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Marcelo Hoffman: Foucault and the Political Party (Abstract of the conference "Historicizing Foucault" in Zurich, presentation on March 20, 2015)

Until March 19, 2015, when our conference Historicizing Foucault begins in Zurich, we will consecutively publish the abstracts of the accepted presentations. Marcelo Hoffman, author of Foucault and Power, will talk about "Foucault and the Political Party" in the panel Foucault and Politics on March 20, 2015.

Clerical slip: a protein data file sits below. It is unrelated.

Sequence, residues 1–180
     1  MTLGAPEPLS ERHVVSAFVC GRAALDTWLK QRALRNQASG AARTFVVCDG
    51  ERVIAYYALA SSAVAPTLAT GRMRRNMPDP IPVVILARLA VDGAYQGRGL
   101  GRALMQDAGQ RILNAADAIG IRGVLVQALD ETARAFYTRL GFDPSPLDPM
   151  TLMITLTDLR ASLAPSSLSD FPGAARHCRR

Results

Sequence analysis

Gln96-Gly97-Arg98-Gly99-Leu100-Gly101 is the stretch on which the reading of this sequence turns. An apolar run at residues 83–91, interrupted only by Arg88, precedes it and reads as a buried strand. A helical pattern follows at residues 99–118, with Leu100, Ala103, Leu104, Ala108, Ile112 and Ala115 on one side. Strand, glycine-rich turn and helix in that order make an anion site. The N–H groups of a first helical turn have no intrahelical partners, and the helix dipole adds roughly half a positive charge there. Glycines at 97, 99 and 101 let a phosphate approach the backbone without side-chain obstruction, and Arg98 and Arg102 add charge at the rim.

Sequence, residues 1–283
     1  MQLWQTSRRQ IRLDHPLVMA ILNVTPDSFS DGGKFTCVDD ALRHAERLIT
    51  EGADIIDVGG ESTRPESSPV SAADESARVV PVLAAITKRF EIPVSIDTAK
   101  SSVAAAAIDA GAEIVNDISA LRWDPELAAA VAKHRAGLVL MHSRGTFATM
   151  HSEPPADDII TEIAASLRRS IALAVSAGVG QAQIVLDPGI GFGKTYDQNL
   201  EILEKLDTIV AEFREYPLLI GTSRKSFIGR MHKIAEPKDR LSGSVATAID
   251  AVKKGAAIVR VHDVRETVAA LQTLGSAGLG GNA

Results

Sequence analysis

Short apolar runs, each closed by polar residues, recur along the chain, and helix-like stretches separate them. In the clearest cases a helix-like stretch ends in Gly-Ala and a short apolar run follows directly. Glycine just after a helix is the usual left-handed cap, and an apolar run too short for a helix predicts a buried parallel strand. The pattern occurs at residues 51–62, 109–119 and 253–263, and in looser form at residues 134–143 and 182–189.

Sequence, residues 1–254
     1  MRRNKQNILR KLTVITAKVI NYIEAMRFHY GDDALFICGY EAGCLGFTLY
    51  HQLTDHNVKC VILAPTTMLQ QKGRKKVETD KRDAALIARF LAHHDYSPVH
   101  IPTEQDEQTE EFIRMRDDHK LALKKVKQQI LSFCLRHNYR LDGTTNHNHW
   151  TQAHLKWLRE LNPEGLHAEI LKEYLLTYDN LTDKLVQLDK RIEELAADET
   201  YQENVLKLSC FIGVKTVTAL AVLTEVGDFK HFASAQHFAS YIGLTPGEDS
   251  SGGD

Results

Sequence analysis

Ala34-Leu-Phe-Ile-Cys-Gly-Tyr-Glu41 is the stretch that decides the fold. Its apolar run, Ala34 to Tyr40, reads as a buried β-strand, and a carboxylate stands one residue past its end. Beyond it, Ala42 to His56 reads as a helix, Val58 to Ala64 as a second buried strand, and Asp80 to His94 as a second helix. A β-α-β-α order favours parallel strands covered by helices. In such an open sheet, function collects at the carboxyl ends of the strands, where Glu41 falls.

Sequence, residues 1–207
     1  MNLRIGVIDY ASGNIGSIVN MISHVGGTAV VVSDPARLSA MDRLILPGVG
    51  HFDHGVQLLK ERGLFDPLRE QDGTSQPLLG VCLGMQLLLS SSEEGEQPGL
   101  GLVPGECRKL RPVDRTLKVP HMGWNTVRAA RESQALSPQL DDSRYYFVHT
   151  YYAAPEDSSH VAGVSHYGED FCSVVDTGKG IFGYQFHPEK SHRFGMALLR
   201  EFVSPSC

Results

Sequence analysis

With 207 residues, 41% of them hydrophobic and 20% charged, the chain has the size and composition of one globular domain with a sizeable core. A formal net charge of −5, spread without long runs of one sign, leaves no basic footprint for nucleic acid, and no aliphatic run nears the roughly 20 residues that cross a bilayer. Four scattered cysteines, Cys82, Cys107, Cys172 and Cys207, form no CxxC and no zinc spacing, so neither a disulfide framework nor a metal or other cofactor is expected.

The theme of the political party in Michel Foucault's analyses has failed to elicit the kind of elaborate attention that has been bestowed on his analyses of other core political concepts. This lack of attention no doubt reflects Foucault's lack of an elaborate analysis of the party. He never theorized the party at much length, and his discussions of it tended to occupy a place on the margins of his analyses. But the party figured as a recurrent theme in his Collège de France courses from the late 1970s to early 1980s, even as these courses addressed remarkably diverse topics across a vast expanse of time and space. What is more, Foucault announced his intention to conduct research on the party and encouraged his auditors to do likewise. Toward the end of his life, Foucault even began to read the writings of prominent French Socialist Party (PS) leaders for the purpose of producing a whole book on the PS. This paper takes Foucault's disparate reflections on the party seriously. Taken together, these reflections point to new ways of thinking about the party, highlighting dimensions of it not usually accentuated. Foucault did not emphasize the party as a representative body contending for the exercise of political power through an ensemble of formal activities so much as the party as an organization for the production of subjectivity through an interplay between practices of the self and techniques of power. What intrigued him about this organization was its capacity to appeal not only to the broad masses but also to its own internal skeptics and critics. The core problem is that Foucault seems to explain the enigmatic appeal of the party by pointing to the freedom of its rank and file members to have their conducts conducted. This explanation falls short of considering the party as an organization for conducting the conduct of its cadres and leaders. Beyond this problem, Foucault conflates the party with political organization. Frantz Fanon's account of the "organic party" and Alain Badiou's affirmation of "politics without party" help us tease out and remedy these limitations.

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